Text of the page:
A message from Brigid ....

I have been a blogger since 2005. At the height of my blogging busy-ness, I had "a small stable" of blogs on different topics: social and political commentary; desert spirituality; food; waste and ....

A few years ago I called time and ceased blogging altogether - although there was an occasional post. I had called it quits. I am an aged woman these days with a couple of serious illnesses. I am not allowed to drive. I am no longer active in organisations. I think it fair to say that I am housebound. I am active on Facebook, although I am not there as often as once I was. I have decided to embark on a re-entry into the blogging world ... beginning with The Trad Pad and, possibly, a return to my food blog, Oz Tucker. I have always used a lot of photographs on my blogs ... and I miss not being out and about with my camera.

The Trad Pad has been my blog for the lovely things of life. The controversial or political has seldom intruded. Occasionally, the spiritual has found its way in, but I kept spirituality for the blog, Desert. I don't yet know if I will revive that. I will stick pretty much to food and the lovely things of life. If I have some regularity with those two categories, I feel that I will be doing well. I hope that, with this blog new friendships can be formed and old friendships renewed; new lovelies discovered; new reflections can enter into the meaning of modern life. I would love to hear from you - particularly if you have suggestions for new topics to enter into the conversation. So, it is a new year. Let's see what it has in store, what it can bring to us. And I hope that those who share the spirit of The Trad Pad can spread the message of a world of beauty, the creativity of humanity, and the joys of simplicity and tradition. ~~~ February, 2017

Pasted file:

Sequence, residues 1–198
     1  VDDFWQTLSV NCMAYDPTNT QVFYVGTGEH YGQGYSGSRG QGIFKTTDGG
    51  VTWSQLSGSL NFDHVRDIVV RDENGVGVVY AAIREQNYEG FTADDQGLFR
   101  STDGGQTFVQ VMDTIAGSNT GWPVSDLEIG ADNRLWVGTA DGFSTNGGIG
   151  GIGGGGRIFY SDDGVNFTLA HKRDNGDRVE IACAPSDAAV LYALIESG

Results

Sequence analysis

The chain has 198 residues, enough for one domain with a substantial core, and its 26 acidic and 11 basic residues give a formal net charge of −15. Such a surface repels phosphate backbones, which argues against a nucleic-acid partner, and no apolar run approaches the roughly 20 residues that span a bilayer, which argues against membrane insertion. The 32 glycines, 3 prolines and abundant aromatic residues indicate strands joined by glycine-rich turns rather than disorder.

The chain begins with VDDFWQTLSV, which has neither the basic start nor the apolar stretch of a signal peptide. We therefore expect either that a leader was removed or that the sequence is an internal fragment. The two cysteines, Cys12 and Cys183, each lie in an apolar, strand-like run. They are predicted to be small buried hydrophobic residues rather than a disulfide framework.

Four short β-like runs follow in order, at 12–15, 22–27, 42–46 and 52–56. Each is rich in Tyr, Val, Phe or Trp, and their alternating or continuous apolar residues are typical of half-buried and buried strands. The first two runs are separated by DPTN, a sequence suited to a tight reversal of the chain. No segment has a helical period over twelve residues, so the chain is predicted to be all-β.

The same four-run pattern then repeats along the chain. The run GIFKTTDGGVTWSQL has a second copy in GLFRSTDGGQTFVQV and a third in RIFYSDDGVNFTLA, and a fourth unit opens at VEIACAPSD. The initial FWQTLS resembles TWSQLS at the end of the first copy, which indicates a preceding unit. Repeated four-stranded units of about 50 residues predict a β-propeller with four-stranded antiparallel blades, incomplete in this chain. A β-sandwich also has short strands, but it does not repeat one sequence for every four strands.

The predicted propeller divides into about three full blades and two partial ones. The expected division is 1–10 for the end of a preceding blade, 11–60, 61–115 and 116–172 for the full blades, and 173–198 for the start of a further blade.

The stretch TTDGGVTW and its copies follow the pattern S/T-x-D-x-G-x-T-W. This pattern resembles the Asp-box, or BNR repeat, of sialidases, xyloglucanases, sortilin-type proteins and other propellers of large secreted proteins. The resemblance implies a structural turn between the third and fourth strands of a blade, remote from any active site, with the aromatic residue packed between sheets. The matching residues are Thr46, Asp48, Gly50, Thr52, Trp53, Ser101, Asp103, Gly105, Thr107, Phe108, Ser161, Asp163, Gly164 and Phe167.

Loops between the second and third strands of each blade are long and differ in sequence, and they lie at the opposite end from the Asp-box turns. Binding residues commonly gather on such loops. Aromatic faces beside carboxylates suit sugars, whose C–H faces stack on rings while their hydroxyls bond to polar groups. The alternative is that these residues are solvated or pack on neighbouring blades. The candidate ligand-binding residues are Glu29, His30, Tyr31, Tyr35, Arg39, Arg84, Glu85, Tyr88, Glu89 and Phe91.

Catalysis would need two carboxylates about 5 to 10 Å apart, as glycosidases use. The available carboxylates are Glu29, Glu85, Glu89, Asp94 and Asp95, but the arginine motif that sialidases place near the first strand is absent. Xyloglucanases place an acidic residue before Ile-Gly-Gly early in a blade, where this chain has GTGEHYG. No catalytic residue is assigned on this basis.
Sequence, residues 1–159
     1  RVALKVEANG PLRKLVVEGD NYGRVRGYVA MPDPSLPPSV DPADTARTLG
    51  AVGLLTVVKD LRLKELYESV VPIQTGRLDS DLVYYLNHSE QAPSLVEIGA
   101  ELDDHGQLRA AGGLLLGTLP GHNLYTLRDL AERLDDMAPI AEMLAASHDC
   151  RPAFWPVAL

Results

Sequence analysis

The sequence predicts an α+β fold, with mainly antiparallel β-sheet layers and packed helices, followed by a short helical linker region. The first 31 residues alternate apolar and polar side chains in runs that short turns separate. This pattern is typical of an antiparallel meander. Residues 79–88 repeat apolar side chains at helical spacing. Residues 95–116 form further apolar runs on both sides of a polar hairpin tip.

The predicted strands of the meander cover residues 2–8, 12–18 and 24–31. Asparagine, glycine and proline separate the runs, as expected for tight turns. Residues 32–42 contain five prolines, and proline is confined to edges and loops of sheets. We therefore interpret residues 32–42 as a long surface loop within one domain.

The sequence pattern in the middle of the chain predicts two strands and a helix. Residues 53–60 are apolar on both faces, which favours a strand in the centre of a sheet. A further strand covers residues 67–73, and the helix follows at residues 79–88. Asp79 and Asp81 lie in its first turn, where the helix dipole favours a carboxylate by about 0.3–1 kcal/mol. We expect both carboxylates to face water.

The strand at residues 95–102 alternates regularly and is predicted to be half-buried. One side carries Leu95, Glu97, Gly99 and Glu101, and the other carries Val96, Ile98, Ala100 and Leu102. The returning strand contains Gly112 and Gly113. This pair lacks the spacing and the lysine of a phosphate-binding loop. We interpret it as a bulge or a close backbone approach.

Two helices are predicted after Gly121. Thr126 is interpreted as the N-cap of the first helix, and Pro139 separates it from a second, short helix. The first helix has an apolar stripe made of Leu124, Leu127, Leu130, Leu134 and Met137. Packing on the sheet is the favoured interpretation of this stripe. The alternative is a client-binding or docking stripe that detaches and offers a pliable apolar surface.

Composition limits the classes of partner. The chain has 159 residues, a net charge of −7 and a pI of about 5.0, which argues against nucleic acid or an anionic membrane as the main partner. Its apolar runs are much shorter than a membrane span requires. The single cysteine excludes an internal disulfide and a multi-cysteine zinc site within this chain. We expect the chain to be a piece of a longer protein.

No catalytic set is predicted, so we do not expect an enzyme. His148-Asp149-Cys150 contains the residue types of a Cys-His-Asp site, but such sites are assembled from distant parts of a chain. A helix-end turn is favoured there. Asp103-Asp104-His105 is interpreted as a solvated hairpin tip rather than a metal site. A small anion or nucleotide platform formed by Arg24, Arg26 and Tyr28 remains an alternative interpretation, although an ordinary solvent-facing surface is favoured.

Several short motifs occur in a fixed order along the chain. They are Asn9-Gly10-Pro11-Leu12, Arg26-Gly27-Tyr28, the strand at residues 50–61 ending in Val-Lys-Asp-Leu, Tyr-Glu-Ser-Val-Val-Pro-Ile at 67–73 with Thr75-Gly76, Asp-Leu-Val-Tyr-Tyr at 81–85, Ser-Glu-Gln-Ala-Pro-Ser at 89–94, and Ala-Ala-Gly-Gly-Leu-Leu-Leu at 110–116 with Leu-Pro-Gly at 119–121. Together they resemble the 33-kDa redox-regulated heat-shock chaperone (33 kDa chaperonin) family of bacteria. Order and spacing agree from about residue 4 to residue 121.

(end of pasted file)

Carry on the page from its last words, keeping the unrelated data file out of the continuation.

Wednesday, August 18, 2010

Remembering Burke and Wills

To-day a memorial plaque will be officially launched to commemorate the departure, 150 years ago, of Robert O'Hara Burke and William John Wills on a journey of exploration.  The Burke and Wills saga is well embedded in the Australian consciousness - not least because it was an unmitigated disaster and an example of how not to conduct exploration in Australia.

I live in Melbourne and Burke and Wills are big here.  I sort of knew that before I came to live here.  However, I am frequently confronted by the mass adulation of the B&W pre-expedition and their memorialisation post-disaster.  There are statues here and there but I was really gobsmacked by a very, very large artwork at the State Library of Victoria which portrayed the adulation of the crowds of Melbourne as they farewelled these yet to be heroic men.

I hate to be a party-pooper but I am a North Australian living in exile in Melbourne and where I come from Burke and Wills are regarded as prize dills.  We don't think they knew very much.  We don't think they needed to perish.  We think they were amazingly arrogant and ignorant.  While they were doing a perish not too far away Aboriginal groups were thriving.

If any memorials are being built to Burke and Wills to-day they should be done in the context of the ignorance and arrogance of the post-1788 white settlers.

The State Library of Victoria is entering into the commemorations with an ongoing exhibition which began in  May and will run through to October this year under the title of Burke and Wills: Terra Incognita.  To-morrow and Friday there are workshops related to the exhibition from the Curator's viewpoint. Gerard Hayes will discuss items on display including contemporary portraits of Burke and Wills, their last notes and firearms used on the expedition.  Bookings for the workshops are essential.

And for everything you ever wanted to know on the B&W 150th, please go here.

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